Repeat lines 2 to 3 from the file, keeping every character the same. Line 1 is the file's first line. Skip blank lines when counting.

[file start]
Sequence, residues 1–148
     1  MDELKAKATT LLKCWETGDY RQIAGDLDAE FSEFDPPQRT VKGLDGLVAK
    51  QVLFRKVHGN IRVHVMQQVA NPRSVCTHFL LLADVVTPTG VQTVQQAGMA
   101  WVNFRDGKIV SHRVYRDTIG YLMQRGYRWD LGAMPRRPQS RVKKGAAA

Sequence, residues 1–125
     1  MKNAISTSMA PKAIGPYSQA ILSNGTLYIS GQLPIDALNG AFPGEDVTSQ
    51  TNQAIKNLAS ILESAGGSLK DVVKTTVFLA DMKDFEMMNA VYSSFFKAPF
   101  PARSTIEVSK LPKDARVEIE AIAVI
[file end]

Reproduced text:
     1  MDELKAKATT LLKCWETGDY RQIAGDLDAE FSEFDPPQRT VKGLDGLVAK
    51  QVLFRKVHGN IRVHVMQQVA NPRSVCTHFL LLADVVTPTG VQTVQQAGMA